Conversion from a military dependent society.
How to save $500 billion annually and human society in the process.
Iraq was a trap that America imperialists could not resist. That trap has sprung and the result will be US defeat. Regardless of all talk in Washington and elsewhere of what is to be done next in Iraq (e.g., Baker’s Iraq Study Group), the essential fact is that those doing that talking will have very little or no impact on the situation developing in Baghdad. There basically exist only two options for the Bush regime: 1. Stay and bleed and cause greater suffering among all others. 2. Leave, so as to mitigate further damage. The latter course, may cause an escalation of the civil war, but one is reminded of how for years it was claimed that our leaving Vietnam would trigger a blood bath. It did not. This is a different situation, but Sunnis and Shiites are more likely to eventually reach a modus operandi if the US military isn’t in their midst.
If Bush and his handlers had half a brain between them, they would order the Green Zone government to “insist” on our withdrawal. But they don’t. Since the Bush regime cannot yet swallow option 2, it will stay with option 1, the horrendous status quo, which gets ever worse as the contradictions continue to manifest at an accelerating pace. Besides the human damage, the greatest damage will be to US diplomatic power and to the political power of those who lied to justify and continue what has become “the greatest foreign policy debacle in American history”. This likely consequence is the silver lining.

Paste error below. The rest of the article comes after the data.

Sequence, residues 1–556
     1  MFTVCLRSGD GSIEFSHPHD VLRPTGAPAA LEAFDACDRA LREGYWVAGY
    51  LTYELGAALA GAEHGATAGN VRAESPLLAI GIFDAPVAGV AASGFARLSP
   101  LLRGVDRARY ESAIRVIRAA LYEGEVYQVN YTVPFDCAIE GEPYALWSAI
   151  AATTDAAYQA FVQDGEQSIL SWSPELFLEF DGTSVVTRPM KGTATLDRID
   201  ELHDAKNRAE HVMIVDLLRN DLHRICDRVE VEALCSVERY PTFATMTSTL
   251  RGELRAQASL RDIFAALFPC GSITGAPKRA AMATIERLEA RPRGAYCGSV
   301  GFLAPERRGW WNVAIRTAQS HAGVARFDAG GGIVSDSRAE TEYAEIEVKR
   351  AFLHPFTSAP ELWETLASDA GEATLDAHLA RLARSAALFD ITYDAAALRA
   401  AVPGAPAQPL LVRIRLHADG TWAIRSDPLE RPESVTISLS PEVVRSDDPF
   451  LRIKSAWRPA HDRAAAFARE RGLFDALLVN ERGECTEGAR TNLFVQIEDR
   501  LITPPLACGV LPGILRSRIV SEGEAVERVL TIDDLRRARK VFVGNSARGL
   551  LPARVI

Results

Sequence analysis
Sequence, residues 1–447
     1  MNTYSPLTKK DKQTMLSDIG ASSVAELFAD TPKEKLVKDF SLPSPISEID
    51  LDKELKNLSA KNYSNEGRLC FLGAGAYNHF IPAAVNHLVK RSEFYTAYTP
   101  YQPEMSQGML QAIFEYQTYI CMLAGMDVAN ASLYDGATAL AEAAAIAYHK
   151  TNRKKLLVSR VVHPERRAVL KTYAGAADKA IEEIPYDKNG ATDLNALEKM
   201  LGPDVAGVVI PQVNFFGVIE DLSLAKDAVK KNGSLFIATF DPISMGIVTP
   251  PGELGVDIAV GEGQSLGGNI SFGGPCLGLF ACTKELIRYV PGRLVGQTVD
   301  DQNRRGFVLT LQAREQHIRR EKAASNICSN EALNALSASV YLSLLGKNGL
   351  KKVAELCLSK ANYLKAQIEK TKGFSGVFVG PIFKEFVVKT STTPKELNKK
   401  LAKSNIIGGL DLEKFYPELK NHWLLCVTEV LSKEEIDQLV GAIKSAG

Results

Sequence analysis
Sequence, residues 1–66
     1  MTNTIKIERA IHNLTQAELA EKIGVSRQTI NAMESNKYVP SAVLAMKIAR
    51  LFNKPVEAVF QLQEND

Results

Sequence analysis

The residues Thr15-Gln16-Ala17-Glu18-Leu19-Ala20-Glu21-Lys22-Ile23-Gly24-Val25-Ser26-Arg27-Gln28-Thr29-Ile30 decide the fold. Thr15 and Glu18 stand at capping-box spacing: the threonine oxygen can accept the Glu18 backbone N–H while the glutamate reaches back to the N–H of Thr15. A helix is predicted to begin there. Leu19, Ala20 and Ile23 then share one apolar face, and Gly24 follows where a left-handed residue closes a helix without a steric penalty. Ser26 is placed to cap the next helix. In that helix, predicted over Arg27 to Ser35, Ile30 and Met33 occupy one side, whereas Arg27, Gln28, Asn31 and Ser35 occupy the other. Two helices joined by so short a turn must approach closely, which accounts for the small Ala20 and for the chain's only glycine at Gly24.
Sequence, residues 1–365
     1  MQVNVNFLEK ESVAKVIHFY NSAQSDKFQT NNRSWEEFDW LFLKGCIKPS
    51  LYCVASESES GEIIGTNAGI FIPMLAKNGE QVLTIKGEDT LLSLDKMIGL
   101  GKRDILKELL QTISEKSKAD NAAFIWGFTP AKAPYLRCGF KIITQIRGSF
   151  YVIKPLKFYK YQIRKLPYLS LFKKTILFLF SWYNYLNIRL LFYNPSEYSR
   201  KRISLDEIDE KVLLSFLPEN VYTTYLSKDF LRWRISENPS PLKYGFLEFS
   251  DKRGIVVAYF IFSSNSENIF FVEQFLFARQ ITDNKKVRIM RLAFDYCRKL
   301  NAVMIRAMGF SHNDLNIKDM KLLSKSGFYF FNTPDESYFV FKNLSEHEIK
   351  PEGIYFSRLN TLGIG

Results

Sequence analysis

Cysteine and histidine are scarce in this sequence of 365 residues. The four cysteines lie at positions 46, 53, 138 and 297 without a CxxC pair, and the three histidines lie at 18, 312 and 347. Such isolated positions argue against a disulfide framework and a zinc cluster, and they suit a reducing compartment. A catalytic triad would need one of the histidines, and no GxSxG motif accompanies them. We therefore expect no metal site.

What would be the economic consequences of abject defeat in Iraq for average US citizens? Outside of those who might own large holdings of stock in Hummer or other similar capitalist ventures associated with the military-industrial complex, the economic consequences would very likely all be very positive. Just the supplemental appropriations for Iraq alone are hundreds of billions annually that your tax dollars wouldn’t necessarily be wasted on. That would be thousands of dollars per American household that each taxpayer could hypothetically keep. Alternatively, those savings could be spent on pressing domestic needs, such as universal healthcare, which would be an economic boon to almost everyone except insurance company executives. But we need not stop there. If the US citizenry had the same attitude toward war and the proper use of one’s national military forces that Europeans have, we could save half a trillion dollars a year.
Nearly constant warfare was a staple of European history for millennia. From Athenians vs Spartans through the Hundred Years War to Waterloo and eventually to Hitler’s bunker, European internecine warfare was endemic and almost perpetual. But the technology of slaughter became so overwhelming that after WWII some incredibly prescient individuals in France including Charles de Gaulle decided that further punishment of the Germans would be counterproductive in the long run and that a new era of relations must be initiated, subordinating nationalism. They inaugurated multi-national boards to jointly conduct their mutual rebuilding and reindustrialization. The French-German rapprochement involved reaching out to old enemies and seeking means of to a cooperative and integrated future. The European Union, the world’s most successful experience of transcending nationalism, was the eventual fruit of this process. As a result, there has not been a war between European nations since 1945, despite the Cold War, a historically unprecedented achievement. Now, such a war is hard to imagine.